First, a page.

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Flo made movie after movie at her new home with Vitagraph, including The Athletic Girls of America, which put her tomboy past to use, and The Viking's Daughter. She had another stroke of luck when she met Harry Solter, a fellow struggling actor. He was given a break when, much like Flo, he was cast at Vitagraph due to the fact that he matched the physical description of a needed character. Actually, he matched the the build of his director, who wanted to perform the stunt driving in his next film and needed a lead with a similar body type to perform the non-action oriented portion! Solter, coincidentally, had become friends with one David Wark Griffith in San Francisco. He tried to get his pal DW a job at Vita, but David wound up working at Edison.
Harry and Flo, however, got on swimmingly, and Harry fell hard for the golden haired beauty, but he had more than his share of competition! Flo seemed to favor Harry's advances, and in time he grew closer to her than her other suitors. He came to see how hard a worker Flo was, how much she sought her mother's approval as well as her own high standards. She was at times dangerously self-critical. But he admired her perseverance and courage, as well as her abundant acting talent. When Harry and DW made the move to Biograph Studios together, Harry decided to take his girl with him. When sent to find a new lead actress for the studio, Harry, now an assistant director, was supposed to get Florence Turner. He brought back Florence Lawrence instead. Luckily, she had the acting chops to make his bold move worthwhile. Flo would now be earning $25/wk at the new studio, and she was no longer required to make her own wardrobe or paint back-drops! Finally, she was paid to act and act alone!
The First Star in the Constellation
Movies were becoming big business! By 1909 there were 9000 theaters operating nationwide. Because Flo was a legitimate actress, she became a real asset to Biograph. In fact, other film producers saw her talent and came calling, trying to lure her away to their studios. For now, she was content to rotate with Linda Arvidson and Marion Leonard for the lead female roles at Bio, and the rest of the time contributed in supporting or background work. Her first big leads with the new company were Betrayed by a Handprint and Behind the Scenes. Flo was in bliss, though as a hot-headed business woman she more than once got miffed with DW went to her boyfriend Harry to negotiate her career and not her! She was definitely a pre-feminist.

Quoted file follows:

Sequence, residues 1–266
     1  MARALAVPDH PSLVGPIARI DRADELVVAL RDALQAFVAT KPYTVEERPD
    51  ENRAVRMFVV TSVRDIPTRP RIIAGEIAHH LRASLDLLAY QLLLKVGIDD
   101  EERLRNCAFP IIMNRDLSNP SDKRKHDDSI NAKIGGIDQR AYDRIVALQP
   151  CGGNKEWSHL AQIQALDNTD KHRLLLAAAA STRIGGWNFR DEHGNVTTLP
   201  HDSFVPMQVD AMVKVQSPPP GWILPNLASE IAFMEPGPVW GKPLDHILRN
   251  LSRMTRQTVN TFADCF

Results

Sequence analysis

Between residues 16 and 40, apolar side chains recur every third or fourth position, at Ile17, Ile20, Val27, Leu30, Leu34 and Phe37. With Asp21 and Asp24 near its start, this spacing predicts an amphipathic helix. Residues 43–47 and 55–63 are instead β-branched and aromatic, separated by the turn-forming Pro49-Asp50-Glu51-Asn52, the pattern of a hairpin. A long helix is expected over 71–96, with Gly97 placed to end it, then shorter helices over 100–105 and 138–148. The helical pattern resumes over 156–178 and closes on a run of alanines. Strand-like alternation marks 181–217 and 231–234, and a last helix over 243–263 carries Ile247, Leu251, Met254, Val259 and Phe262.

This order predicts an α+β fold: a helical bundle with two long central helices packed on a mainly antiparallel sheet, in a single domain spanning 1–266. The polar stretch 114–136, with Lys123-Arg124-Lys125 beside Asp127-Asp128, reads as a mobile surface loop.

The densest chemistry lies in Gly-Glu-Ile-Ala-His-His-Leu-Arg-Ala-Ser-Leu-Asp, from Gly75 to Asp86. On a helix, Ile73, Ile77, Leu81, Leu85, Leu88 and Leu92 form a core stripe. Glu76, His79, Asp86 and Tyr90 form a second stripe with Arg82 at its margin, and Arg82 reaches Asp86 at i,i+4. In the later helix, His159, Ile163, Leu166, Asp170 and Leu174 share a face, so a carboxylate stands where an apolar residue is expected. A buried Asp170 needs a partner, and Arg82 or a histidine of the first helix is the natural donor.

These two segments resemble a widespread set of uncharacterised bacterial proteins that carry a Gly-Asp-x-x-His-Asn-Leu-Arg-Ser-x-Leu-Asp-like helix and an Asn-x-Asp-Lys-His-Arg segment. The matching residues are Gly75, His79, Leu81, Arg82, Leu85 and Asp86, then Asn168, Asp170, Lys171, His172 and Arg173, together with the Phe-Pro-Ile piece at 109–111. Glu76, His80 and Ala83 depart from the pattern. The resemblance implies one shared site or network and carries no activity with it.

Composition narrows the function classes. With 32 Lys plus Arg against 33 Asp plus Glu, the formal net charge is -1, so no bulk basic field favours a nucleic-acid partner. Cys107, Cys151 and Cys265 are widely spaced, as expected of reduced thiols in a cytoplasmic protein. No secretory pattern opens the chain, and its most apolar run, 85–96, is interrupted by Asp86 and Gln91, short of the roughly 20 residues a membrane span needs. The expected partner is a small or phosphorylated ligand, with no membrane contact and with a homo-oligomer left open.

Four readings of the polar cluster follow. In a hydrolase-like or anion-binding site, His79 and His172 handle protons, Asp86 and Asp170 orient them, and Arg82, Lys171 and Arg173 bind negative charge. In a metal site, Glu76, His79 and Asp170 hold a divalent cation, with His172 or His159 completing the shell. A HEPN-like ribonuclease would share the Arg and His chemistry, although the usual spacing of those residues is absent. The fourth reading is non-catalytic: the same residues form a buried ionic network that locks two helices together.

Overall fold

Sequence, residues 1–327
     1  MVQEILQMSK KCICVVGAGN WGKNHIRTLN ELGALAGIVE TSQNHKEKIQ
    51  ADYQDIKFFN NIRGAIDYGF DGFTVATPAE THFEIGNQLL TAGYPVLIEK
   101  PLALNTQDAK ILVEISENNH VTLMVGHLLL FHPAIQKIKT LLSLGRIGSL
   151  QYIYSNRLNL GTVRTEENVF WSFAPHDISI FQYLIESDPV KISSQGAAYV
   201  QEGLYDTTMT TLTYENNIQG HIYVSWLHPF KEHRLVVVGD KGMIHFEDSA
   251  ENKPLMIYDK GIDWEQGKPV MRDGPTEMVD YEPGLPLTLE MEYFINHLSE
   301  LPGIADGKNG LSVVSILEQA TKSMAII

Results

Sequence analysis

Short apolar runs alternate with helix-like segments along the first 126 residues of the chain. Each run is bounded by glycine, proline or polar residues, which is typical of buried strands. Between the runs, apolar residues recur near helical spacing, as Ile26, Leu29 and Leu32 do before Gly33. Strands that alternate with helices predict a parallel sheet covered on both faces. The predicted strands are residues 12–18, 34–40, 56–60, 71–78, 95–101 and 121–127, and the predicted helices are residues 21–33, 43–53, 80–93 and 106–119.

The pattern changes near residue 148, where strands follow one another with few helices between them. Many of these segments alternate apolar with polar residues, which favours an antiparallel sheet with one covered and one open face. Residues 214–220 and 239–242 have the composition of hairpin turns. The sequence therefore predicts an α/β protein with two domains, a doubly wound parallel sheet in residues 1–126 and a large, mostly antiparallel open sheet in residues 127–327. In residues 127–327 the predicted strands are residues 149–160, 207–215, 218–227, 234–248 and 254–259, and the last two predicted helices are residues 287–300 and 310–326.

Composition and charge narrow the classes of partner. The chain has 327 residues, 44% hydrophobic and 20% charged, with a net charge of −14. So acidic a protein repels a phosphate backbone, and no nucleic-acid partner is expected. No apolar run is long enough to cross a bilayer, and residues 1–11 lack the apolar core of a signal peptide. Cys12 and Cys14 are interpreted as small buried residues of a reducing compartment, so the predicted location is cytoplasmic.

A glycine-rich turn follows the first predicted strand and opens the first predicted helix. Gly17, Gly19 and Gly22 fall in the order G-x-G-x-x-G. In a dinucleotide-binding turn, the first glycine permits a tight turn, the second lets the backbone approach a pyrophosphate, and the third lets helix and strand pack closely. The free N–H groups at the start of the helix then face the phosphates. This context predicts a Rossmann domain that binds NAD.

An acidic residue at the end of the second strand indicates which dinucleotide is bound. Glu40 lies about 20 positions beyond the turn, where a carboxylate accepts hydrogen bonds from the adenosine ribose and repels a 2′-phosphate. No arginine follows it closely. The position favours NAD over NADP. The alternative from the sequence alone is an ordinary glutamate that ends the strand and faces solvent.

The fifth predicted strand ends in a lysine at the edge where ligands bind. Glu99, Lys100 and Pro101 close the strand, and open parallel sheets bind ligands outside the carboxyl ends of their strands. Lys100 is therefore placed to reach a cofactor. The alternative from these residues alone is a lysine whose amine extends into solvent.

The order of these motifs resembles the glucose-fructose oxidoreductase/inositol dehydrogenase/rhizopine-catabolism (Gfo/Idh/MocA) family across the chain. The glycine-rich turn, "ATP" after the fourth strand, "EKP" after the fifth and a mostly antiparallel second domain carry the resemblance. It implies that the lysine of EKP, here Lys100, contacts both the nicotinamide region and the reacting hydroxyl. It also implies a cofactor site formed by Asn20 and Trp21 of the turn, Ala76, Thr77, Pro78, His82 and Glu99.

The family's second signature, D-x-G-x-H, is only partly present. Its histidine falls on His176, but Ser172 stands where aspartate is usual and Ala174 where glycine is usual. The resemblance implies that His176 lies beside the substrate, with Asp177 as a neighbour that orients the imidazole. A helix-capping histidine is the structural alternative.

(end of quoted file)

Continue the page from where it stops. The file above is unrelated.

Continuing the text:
On Aug. 30, 1908, Harry went from being her boyfriend to being her husband when the two eloped to Elizabeth, NJ. They kept their union a secret, as many actors in the early studios did. Even DW kept his relationship with Linda Arvidson a secret when she became his wife. Harry was not the only one smitten with sweet Flo. By this time, the first fan mail had begun to arrive at Biograph. Normally, the letters were from lovesick boys or solicitous married men, but a good deal came from women too, who indentified with Florence's honest portrayals. Despite her histrionic and exaggerated acting style, audiences still saw something they could relate too. The humility she gave her characters was felt and more than appreciated. DW loved working with her, because she could keep up with his specific directing methods. These were strange days, when actors would arrive to work with no idea who they would be that day! Scenarios were often written on the spot and the possibilities were endless, so you had to be on your toes-- especially with DW, who of course did all of his own writing.
An important step in the acceptance of film, not just as entertainment, but as art, came when the magazine "Motion Picture World" began publishing film reviews. At the start, the reviews were clumsy, basically recapping the action, but later the writers really began to look at interpretation, performance, technicality, and style. A difficult part about writing these reviews, however, was that none of the actors' names were released. Performers were referred to by their characters' names only. The studios' reasoning for this was a) they didn't want their actors to get too much power, resulting in the inmates running the asylum, and b) studios hadn't actually realized how beneficial it would be to profits to market their performers. So, Flo remained nameless in her reviews, which were always stellar.